Tywin has two sons, but as one is unmarriageable (Jaime, being a member of the “celibate” brotherhood the Kingsguard) he makes his daughter Cersei do double-time: when she was a teenager, her father planned to betroth her to the Targaryen heir, Rhaegar, but was beaten to it by the Dornish. After Robert’s Rebellion, he then married Cersei to the victorious Robert, thus ensuring his grandchildren’s succession to the throne and the king’s reliance on his money. When Robert dies (ahem), Cersei gets a little breathing room before Tywin makes her the sister-in-law of her own son by betrothing her to Loras Tyrell, as Joffrey is betrothed to Loras’s sister Margaery.

Father, don’t make me do it again, please!

Cersei to Tywin

Almost as an aside, he also marries his good-for-nothing (he thinks) son Tyrion to Sansa Stark as his behind-the-scenes machinations have made her the heiress to Winterfell (not suspecting that both Bran and Rickon are still alive). Tywin’s iron will rules his children’s lives, even from afar, and all have difficult relationships with him — Tyrion most of all.

Kingmaking, kingbreaking: The Lancastrian king Henry VI was notoriously weak, and his reign saw many threats before his final, permanent deposition in 1471. When Richard, Duke of York, first rose against Henry in 1452, Warwick attempted to broker a peace between them, despite his aunt Cecily being married to Richard. Similarly, when Robert Baratheon first rebelled against Aerys, Tywin stayed removed, refusing to take part on either side. Later, however, Warwick came down on York’s side when his neighbour and rival the Duke of Somerset became Henry’s favourite, and his money, military strength and influence were instrumental in crowning York’s son, Warwick’s cousin Edward, as Edward IV in 1461. Tywin was more cautious, waiting until almost the last minute to switch his allegiance to Robert. When he did, though, his army’s sacking of King’s Landing, and murder of Rhaegar’s wife and heirs, was equally decisive:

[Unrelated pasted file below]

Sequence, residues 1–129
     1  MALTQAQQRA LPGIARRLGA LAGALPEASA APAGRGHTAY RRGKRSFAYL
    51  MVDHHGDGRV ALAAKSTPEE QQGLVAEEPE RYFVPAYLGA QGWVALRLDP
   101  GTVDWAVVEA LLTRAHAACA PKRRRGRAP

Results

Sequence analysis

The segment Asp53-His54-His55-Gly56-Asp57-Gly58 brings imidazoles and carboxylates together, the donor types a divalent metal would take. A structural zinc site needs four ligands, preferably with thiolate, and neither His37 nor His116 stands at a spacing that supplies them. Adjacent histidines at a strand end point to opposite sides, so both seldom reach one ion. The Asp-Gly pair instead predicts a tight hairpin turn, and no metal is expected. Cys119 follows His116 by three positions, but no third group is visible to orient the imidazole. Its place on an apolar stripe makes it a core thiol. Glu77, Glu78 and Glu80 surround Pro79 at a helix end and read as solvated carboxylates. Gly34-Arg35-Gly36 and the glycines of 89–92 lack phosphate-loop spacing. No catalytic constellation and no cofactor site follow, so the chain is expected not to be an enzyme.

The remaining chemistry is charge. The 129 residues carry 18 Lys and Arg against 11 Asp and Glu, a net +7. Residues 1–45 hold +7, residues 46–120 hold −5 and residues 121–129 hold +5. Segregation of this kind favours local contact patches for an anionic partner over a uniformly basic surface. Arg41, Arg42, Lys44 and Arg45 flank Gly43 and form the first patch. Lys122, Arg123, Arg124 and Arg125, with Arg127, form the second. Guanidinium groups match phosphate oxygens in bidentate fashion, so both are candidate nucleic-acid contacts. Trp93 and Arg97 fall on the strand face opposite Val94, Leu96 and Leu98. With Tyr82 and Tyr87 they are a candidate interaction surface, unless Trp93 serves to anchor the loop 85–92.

When I laid those bodies before the throne… Robert’s relief was palpable. As stupid as he was, even he knew that Rhaegar’s children had to die if his throne was ever to be secure. Yet he saw himself as a hero, and heroes do not kill children. – Tywin to Tyrion.

As Warwick had been so instrumental in Edward IV’s accession, however, he was possessive of “his” king, and rifts began to appear in the cousins’ relationship when Edward married an obscure English noblewoman, Elizabeth Woodeville, in 1464, instead of the Savoyard duchess Warwick preferred. As Tywin did when Rhaegar married the Dornish princess Elia instead of Cersei, Warwick began to spend more time away from court, but the final straw was the growing influence of Elizabeth’s father (now Earl Rivers) and Edward’s refusal to allow his brother George to marry Warwick’s daughter Isabel. Warwick orchestrated a rebellion against Edward in 1469, even holding Edward prisoner at one point; when that proved unsuccessful and his alliance with George collapsed, Warwick made common cause with Henry VI’s wife Margaret of Anjou — his enemy for decades, by this time — to launch a final, unsuccessful assault on Edward IV’s rule.

A split image from "Game of Thrones" and "The White Queen."
They also both have excellent “you have got to be kidding me” expressions.Screencaps from HBO’s “Game of Thrones” and BBC’s “The White Queen,” with James Frain as Warwick.

While he was not the instigator of the rebellion against his grandson Joffrey, Tywin has shown himself to be as adept at behind-the-scenes moves as he is in battle, orchestrating the assassination of Robb Stark and the Northern armies with the collusion of the Freys and Lord Bolton.

Warwick was finally killed at the Battle of Barnet in 1471. He would have been proud that one of his daughters became Queen of England — just not through either of the marriages he’d planned.


Sources: She-Wolves by Helen CastorWikipedia; Dictionary of National Biography; A Wiki of Ice and Fire; The Memoirs of Philip de Comines.